What you don’t measure, you can’t manage

What you don’t measure, you can’t manage

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Juergen Dold, President, Hexagon Geosystems
Juergen Dold
President, Hexagon Geosystems

Measuring the world around us is very important, believes Juergen Dold, President, Hexagon Geosystems as he explains how the company is expanding its solution portfolio by not only capturing the reality from the air and creating maps, but also creating more added-value information from this data

Leica Geosystems is one of the oldest and largest suppliers of mapping and surveying solutions in the world. It has been part of the Hexagon group for sometime now. What product innovations can we expect shortly?
We continue to invest in innovations, as we have done for the past 90 years. Take for instance our airborne sensors division, which we intentionally call Geospatial Solutions Division. It is expanding its airborne offerings to other platforms as well. We call it ‘3D Mapping with different views’.

Urban population is growing at the rate of 180,000 people per day globally, which is why our cities are growing vertically too. There is change everywhere, and we are addressing these changes with several initiatives. We have created an oblique sensor which includes a new workflow so that you can fl y on Monday and have the real, photorealistic, digital city 3D model by Friday. And we continue to work on reducing these times down to hours.

We have made our scanners mobile: to be able to manage road assets at the speed of traffic. With this, we are creating a dedicated mobile mapping system. We can combine our customers’ scanners with a device that they can put on a car and make it mobile.

We have also entered into a strategic alliance with a UAV supplier in Germany called Abiotix. They have built an octocopter which has a greenhorn function, so you can land it back where you came from, and the rotators are protected so that if you hit something it bounces back and doesn’t break. The aim is to make unmanned surveys available to every surveyor because not every surveyor is a pilot.

Our machine control division is moving forward with innovations as well. First, there are GNSS solutions that we use in fleet management and machine control for mines which are moving towards autonomous machines. There are also continuous investments in our machine control for construction sites and agriculture applications where we automate with our integrated GNSS solutions, thus driving operations to higher performance. One recent example is our world’s first dual GNSS Wheel Loader solution.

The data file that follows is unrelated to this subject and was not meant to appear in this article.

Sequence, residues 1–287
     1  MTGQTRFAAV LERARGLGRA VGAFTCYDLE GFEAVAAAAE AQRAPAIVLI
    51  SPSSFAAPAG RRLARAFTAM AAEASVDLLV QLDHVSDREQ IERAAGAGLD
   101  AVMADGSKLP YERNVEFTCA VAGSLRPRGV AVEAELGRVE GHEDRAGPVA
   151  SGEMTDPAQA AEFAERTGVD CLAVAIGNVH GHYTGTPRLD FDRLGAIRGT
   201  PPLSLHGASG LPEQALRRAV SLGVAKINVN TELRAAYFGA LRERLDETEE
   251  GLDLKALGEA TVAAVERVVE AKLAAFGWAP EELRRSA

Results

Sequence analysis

Our survey division is currently very excited about multiple game changers. We have already released the Leica P20, which is the fastest scanner at the longest range and has a very unique onboard “calibration” capability. You no longer need to send scanners around the world anymore to check and re-calibrate. This capability is now on board and provides the best accuracies anywhere and anytime.

Our newest announcement on the world’s first MultiStation is about combining all we are known and famous for into one solution, and creating a new dimension in measurement technology. The MultiStation can do everything a survey instrument does, only faster, with extended 2-km reflectorless range and a resulting image capability that makes looking through telescopes a thing of the past. However, the real game changer here is that we have miniaturised “scanning” into a device smaller than a cigarette box to fit in a survey instrument.

Now, the new standard for survey equipment in industry combines survey capabilities with onboard scanning and onboard point cloud capabilities. This redefines how surveys will be done in the future.

Think about our H2O solutions, where you have total stations placed at remote dams and you want to know more about dam deformation. You can now look through the instrument to get fully remote measurements.

With the toughening business environment, it is observed that the trend of expanding airborne sensor fleet is slowing and the market is saturating. What is your take on this?
I agree that there is a saturation of airborne sensors in certain markets, but in emerging markets there are wide areas that are yet to be mapped. If the market is filled up with airborne sensors to make the first capture of a country, then afterwards it is primarily not about selling only new sensors, but about the constant modification of those sensors to be more efficient. Last year, we said we could capture 23,000 sq km a day at a given resolution with the latest sensors. This year, we have improved the technology to capture 40,000 sq km a day giving us the same resolution. So, instead of capturing half of America in three months, one can do it in one-and-a-half months. We are experiencing high demands in the emerging markets and we have to equip these markets with new sensors while we make higher-performing sensors for the advanced markets.